During that meeting, the public will get its first look at any new evidence of how effective Pfizer’s vaccine series was among preschoolers. The FDA could use the committee’s advice in deciding whether the doses are safe and effective enough for the youngest children.
The drug manufacturer said in December that preliminary study results showed that two low doses of its mRNA vaccine promoted a strong immune response in children between the ages of six months and two years old.
But two doses were less effective at preventing COVID-19 in two-to-five-year-olds. It’s not clear why, but one possibility is that the dose for this age group was a little too low.
For Pfizer’s adult vaccine, each shot in the two-dose series was 30 micrograms, while the dosage amount dropped to three mcg for the under-five age group.
In the trial, there was an interval of three weeks between the first and second shots for kids under five.
Constantinescu said she thinks there are two reasons why the vaccine was less effective for older children during the trial: The 21-day interval might not have been long enough for an immune system response, and the immunological age of kids who are two to five years old could have played a role.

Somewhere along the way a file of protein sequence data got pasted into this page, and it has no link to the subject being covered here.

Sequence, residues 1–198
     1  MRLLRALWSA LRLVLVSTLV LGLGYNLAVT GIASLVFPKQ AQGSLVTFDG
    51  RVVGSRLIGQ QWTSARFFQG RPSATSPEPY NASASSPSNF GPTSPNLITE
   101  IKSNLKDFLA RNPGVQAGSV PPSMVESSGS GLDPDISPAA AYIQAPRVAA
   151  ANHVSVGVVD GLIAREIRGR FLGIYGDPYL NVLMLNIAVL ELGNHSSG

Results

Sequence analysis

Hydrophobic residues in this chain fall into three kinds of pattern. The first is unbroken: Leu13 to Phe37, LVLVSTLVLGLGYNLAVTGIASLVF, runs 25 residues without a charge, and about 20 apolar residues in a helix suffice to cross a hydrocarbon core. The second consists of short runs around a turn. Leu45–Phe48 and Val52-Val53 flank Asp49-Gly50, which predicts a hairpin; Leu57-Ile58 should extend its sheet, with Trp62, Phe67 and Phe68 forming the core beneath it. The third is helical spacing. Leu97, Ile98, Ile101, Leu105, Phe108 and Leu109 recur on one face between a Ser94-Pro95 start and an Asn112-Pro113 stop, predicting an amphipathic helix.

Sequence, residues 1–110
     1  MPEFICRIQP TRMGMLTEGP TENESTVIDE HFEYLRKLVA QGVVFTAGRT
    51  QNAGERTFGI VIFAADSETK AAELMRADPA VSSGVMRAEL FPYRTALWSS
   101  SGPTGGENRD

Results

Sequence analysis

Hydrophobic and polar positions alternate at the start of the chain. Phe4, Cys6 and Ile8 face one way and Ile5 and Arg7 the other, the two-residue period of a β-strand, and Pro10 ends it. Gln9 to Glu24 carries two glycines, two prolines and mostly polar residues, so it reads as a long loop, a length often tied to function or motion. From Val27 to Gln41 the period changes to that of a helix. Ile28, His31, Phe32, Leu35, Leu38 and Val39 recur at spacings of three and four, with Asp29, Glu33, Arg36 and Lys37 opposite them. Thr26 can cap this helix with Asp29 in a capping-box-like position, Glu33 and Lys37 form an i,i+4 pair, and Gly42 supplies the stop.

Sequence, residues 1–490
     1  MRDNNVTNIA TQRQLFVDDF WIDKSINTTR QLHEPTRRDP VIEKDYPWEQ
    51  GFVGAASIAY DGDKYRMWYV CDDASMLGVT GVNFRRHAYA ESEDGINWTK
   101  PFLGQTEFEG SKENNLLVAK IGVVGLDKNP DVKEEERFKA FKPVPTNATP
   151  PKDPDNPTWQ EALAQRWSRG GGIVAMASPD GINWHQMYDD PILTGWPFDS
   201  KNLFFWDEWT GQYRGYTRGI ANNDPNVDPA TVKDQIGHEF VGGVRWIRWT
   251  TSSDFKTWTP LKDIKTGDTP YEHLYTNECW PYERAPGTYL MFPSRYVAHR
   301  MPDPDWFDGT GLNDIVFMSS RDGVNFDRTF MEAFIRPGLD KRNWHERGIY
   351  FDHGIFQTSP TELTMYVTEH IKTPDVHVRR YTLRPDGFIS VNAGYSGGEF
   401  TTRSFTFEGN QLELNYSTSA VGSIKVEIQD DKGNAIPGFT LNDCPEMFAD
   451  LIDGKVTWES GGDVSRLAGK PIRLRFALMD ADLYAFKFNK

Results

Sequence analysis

“In a person’s life, their immune system is at different stages,” Constantinescu said, adding that other routine vaccines given to kids at this age often include three or four vaccines.
“It just takes a bit longer to train the immune system to respond appropriately to an antigen, and it’s conceivable that might also weigh in.”
The drugmaker added a third shot to the study, but results are not expected until late March.
Still, the FDA took the highly unusual step of urging Pfizer to apply now for a two-dose series, with a third shot potentially added later.
What is the hospitalization rate for children?